With a new administration poised to take the helm this month, we can expect many changes in the federal government in the coming months. This can make teaching legal research, especially any lectures focused on government documents, a challenge; but it is also an opportunity. For this month’s post, I thought I would highlight some of the topics and resources likely to arise during the transition.
Website Transitions – When a new administration takes over, you can typically expect a complete overhaul of WhiteHouse.gov. The resources you are used to accessing, like presidential actions in the Briefing Room, may move or be reorganized. Indeed, the type of content made available by the current administration may change in the next. Emphasizing the importance of knowing what to look for, and not simply becoming complacent about where you have always found it, might be a good skill to focus on this semester – rather like emphasizing platform independence between Lexis and Westlaw.
You might also note the likelihood that the current administration’s White House website will be archived by NARA, which you can demonstrate by showing the websites of former administrations, including Clinton and Bush. On the topic of archived web pages, the Internet Archive’s Wayback Machine is always a good tool for students to learn about – after all, WhiteHouse.gov is not the only website likely to change.
Researching People – With a new administration comes new leadership, including a new Cabinet. As names of potential and likely appointees are floated through the media, teaching students about tools for vetting people can serve as a timely teachable moment. I often teach these tools in the context of preparing for a job interview, but big news events such as this provide another approach to teaching the usefulness of these tools. I emphasize Bloomberg Law’s people search; while the amount of content available varies by individual, the feature I like here is the related news, showing the latest media coverage the individual has received. Public records are another appropriate topic here; you might discuss the information you can find on your Secretary of State’s website or even at local records offices. I discuss the Lexis Public Records tool (with the caveat that the students should only use this tool for educational purposes, not personal). This is also a good topic for discussing the merits and ethical limitations of social media research. Finally, as appointees are brought forward, you can transition into discussing congressional resources and documents related to events such as Senate confirmation hearings.
Monitoring the Regulatory and Legislative Agendas – There has already been much talk about the changes that are likely to occur with our federal laws and regulations with the new administration and the new Congress. There are many legislative and administrative tracking tools that you might bring to your students’ attention. Congress.gov offers several handy features in this area, including links to monitor current legislative activities, to read the latest in the Congressional Register, or to see what bills have been recently introduced or most viewed of late. Regulations.gov and FederalRegister.gov allow to you see the latest regulations from all federal departments and agencies and to participate in the regulatory process by submitting comments on proposed rules. This is also a good time to emphasize the wealth of information available on agency websites, as they are likely to be the first to announce their own changes as the administration turns over.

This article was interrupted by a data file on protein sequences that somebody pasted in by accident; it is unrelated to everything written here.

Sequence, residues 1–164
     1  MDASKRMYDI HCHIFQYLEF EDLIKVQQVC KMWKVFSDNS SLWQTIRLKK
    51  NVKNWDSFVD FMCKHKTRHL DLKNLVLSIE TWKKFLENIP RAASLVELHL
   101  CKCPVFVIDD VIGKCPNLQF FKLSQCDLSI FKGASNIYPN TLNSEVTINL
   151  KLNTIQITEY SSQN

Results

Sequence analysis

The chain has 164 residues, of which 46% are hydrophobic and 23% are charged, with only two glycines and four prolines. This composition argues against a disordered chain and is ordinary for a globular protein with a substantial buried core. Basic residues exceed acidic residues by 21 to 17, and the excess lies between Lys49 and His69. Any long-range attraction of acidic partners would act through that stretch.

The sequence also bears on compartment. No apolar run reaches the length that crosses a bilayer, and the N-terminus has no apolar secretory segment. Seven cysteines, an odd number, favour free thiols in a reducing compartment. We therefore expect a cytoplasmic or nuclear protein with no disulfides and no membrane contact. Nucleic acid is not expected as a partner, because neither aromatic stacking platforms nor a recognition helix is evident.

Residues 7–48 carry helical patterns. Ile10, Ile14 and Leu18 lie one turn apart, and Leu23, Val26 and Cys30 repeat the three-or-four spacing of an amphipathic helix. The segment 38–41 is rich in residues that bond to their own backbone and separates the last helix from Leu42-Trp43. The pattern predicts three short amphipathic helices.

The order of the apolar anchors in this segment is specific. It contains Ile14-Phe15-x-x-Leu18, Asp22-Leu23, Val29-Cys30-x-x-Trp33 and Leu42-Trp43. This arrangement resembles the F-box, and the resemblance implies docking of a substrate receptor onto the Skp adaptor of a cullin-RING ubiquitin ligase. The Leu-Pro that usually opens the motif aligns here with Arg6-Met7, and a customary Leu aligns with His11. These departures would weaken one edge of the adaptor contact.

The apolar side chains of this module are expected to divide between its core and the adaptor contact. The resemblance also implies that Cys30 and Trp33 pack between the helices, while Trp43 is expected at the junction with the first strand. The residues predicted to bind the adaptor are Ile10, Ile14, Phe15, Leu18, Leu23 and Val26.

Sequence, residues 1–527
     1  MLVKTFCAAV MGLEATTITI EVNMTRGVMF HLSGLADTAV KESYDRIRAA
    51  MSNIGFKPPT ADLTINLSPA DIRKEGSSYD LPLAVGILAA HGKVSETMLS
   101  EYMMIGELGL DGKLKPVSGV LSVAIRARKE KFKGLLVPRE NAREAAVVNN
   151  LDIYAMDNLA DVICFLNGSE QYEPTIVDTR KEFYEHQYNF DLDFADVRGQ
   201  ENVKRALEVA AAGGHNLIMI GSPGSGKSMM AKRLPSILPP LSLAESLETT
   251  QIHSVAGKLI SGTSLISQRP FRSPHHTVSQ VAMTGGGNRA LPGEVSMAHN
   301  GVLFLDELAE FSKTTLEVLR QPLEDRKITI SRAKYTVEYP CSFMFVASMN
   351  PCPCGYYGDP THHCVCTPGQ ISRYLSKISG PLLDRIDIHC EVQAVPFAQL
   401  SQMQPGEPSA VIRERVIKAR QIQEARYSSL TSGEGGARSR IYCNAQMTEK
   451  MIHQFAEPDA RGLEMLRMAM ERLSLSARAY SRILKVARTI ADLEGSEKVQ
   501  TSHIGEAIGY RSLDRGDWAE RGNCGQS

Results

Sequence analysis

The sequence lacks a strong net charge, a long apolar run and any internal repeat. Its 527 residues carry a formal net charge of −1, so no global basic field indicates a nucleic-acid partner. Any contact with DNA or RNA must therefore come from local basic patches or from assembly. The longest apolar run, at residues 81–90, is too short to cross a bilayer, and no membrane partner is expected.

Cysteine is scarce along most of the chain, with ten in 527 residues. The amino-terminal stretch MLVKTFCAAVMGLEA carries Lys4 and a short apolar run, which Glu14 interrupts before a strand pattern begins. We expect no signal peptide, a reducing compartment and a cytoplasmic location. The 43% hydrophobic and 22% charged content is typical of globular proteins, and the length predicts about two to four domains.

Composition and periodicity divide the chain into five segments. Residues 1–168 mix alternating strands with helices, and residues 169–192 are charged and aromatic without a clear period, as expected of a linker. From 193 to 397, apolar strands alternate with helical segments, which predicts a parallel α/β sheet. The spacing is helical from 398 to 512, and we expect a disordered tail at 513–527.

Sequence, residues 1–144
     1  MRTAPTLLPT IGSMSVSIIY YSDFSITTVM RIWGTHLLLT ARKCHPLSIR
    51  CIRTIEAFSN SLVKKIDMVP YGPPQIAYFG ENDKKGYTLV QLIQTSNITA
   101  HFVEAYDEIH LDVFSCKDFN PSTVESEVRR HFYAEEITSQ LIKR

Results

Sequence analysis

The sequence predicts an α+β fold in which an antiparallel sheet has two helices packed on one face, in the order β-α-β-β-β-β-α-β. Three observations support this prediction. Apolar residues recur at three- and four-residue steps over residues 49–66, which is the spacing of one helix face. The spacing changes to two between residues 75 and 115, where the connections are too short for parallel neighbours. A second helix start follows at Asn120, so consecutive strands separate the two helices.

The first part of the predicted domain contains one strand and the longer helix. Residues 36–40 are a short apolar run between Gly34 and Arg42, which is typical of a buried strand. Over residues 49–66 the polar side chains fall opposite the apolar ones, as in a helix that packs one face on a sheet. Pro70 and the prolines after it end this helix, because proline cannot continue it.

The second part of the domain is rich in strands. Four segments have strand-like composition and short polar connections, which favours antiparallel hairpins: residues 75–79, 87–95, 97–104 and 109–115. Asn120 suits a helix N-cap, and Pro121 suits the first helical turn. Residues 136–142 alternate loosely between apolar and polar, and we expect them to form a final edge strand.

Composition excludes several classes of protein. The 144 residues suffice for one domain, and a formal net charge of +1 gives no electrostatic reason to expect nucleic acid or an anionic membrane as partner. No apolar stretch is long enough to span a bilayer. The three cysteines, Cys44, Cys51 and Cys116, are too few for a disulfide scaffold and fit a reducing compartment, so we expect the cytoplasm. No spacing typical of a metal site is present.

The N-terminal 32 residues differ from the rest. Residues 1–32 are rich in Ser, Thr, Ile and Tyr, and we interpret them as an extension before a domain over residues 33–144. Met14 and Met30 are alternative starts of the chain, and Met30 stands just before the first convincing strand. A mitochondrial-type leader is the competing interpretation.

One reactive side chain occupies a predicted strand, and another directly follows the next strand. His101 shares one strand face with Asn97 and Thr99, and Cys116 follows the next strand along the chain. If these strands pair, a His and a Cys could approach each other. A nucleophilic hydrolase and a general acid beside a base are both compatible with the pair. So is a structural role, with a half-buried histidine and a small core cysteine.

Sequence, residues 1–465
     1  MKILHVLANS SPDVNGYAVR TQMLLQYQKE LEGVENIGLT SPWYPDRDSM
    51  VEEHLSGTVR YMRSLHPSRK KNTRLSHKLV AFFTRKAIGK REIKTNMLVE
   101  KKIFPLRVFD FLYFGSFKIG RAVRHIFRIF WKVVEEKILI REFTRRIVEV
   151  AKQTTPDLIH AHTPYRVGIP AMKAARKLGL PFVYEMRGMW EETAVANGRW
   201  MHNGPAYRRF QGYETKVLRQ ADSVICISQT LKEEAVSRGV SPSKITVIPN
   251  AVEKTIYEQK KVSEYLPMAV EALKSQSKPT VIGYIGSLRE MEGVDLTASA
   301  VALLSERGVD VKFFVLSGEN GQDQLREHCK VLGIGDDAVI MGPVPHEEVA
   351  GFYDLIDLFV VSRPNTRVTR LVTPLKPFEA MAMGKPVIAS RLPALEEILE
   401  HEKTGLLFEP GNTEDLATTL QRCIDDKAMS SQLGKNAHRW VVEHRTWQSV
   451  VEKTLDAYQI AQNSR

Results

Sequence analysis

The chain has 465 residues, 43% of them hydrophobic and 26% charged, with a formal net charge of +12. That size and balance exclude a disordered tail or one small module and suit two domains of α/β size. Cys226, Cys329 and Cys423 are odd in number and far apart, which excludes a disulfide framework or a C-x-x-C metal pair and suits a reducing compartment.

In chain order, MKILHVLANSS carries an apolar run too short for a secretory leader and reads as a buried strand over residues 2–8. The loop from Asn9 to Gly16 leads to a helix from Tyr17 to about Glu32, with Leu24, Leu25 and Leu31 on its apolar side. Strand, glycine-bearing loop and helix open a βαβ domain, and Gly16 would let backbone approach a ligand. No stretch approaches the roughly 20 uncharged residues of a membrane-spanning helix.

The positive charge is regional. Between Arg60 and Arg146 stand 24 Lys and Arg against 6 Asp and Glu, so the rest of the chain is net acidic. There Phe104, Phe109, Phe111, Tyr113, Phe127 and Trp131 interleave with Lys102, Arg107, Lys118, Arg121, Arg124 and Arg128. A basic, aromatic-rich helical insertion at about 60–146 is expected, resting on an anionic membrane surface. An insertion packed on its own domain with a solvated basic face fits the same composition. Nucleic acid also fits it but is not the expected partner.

Vetting Reliable Information – There has been a lot of attention brought to fake news stories lately, which provides a good vehicle for emphasizing the importance of information literacy and the ability to effectively evaluate resources. You might discuss factors such as the authoritativeness of the website or resource’s author, how up to date the content is, and strategies for verifying the veracity of claims made. For tracking fake news, you could introduce your students to Hoaxy, a new tool from researchers at Indiana University designed to help you study the spread of fake news stories.
These are just a few suggested topics, and many more are certain to present themselves as the transition unfolds. I hope you’ll find ways to turn the events of the presidential transition into teachable moments for your students, and I hope you’ll share them with us if you do! Students tend to digest knowledge best when they can relate it to real-world scenarios; thus, capitalizing on these events that the students will be invested in already can be an excellent means to an end.